Thursday, June 28, 2012

Unexpected Surprises for Expats in Nigeria

Let’s face it, oyinbos: Life as an expat in Nigeria can be full of uncertainty. With the news of bombings and unrest unfortunately on the rise, and a lack of reliable, up-to-date information for foreigners, much of the expat experience here can consist of sorting fact from fiction and prudence from paranoia, all while trying to see and understand a complex and dynamic country.
Yet life as an expat in Nigeria, and in Lagos especially, need not be that way. One does not need to look far for unexpected surprises and fun in Nigeria – even on the islands of Lagos.

Here are six unexpected surprises for expats in Nigeria:

Wednesday, June 20, 2012

What is the value of art?

There are many people who think art is invaluable to all in society.  Not just as a form of expression but also as part of the community through public murals, sculptures in parks and the like.  While others believe art is unnecessary in life.  Fortunately those naysayers are often overruled when it comes to art and the positive impact it can have on a community.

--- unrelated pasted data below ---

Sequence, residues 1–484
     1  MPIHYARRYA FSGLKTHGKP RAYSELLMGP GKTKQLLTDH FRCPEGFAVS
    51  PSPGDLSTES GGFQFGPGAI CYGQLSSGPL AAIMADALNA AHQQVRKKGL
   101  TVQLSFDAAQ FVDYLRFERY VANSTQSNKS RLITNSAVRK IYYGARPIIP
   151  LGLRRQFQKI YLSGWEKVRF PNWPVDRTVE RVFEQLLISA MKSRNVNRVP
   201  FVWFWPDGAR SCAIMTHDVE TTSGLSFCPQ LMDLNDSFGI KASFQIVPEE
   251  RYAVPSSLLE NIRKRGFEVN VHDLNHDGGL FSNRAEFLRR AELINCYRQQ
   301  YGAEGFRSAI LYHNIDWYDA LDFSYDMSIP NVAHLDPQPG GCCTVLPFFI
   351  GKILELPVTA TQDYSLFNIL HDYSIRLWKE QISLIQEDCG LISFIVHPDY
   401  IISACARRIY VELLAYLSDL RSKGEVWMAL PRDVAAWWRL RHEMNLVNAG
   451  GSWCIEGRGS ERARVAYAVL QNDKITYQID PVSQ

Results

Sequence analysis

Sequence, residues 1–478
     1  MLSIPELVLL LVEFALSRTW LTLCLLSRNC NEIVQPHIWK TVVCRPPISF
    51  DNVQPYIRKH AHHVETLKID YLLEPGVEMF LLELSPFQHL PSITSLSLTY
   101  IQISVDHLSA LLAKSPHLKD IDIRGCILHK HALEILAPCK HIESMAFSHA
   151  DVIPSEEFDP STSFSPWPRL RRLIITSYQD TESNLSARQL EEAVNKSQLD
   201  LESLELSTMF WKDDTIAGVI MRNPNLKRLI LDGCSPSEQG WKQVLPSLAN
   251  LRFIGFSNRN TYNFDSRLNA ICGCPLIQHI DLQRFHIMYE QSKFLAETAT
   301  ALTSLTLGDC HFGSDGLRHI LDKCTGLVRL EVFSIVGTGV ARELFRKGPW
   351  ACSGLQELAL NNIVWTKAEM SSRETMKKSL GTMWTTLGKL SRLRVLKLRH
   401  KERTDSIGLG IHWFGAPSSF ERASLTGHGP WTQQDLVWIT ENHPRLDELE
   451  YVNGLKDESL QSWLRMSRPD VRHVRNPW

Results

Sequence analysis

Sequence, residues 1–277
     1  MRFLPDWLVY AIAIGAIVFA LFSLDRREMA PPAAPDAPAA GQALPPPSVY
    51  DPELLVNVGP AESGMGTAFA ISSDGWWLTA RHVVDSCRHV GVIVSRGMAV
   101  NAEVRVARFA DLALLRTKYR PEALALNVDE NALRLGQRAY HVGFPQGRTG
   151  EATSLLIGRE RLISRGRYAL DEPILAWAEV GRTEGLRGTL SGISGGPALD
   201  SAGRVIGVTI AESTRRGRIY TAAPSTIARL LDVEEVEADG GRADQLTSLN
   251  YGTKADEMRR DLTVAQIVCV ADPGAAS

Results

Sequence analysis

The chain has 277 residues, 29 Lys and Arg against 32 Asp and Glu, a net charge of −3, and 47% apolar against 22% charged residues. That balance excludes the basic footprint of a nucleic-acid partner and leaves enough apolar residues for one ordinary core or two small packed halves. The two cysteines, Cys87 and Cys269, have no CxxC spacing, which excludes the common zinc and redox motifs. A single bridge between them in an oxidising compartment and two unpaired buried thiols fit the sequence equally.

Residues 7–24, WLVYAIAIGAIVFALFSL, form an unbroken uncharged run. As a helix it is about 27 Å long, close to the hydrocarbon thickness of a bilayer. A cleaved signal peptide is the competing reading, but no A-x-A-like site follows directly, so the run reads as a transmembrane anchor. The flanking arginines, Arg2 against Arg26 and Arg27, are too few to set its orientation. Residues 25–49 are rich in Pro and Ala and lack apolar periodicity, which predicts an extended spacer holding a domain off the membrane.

Nurturing People and Ideas is a multi-faceted process of community building that includes the collaborative development of a large-scale public artwork at the University of Lagos, featuring University of Lagos students, staff, and community. The culminating public painting represents a synthesis of participant generated photographs and writing from the 2012 Sharing Culture/smARTpower Workshop at the University of Lagos, April 2012.

Monday, June 18, 2012

Diversifying; Seriously?

Why is Nigeria’s principal export product oil?  Consider the country’s vast human and material resources and you wonder why.  This is an issue am sure that has troubled many governments in the country and has led to the increased drive to diversify the economy and make it less dependent on oil.  An example here could be the cassava production drive.  Although I guess a lot of Nigerians are still not too taken with the idea of cassava bread.  However with the security issues facing the country and youth unemployment the benefits of a diversified economy become more obvious.  This is because the oil industry can employ only so many people whereas agriculture for example can provide jobs for tens of millions.  It therefore amazes me that the U.S. government’s initiative to provide access to the American market for sub-Saharan African countries has not been even marginally exploited by Nigeria.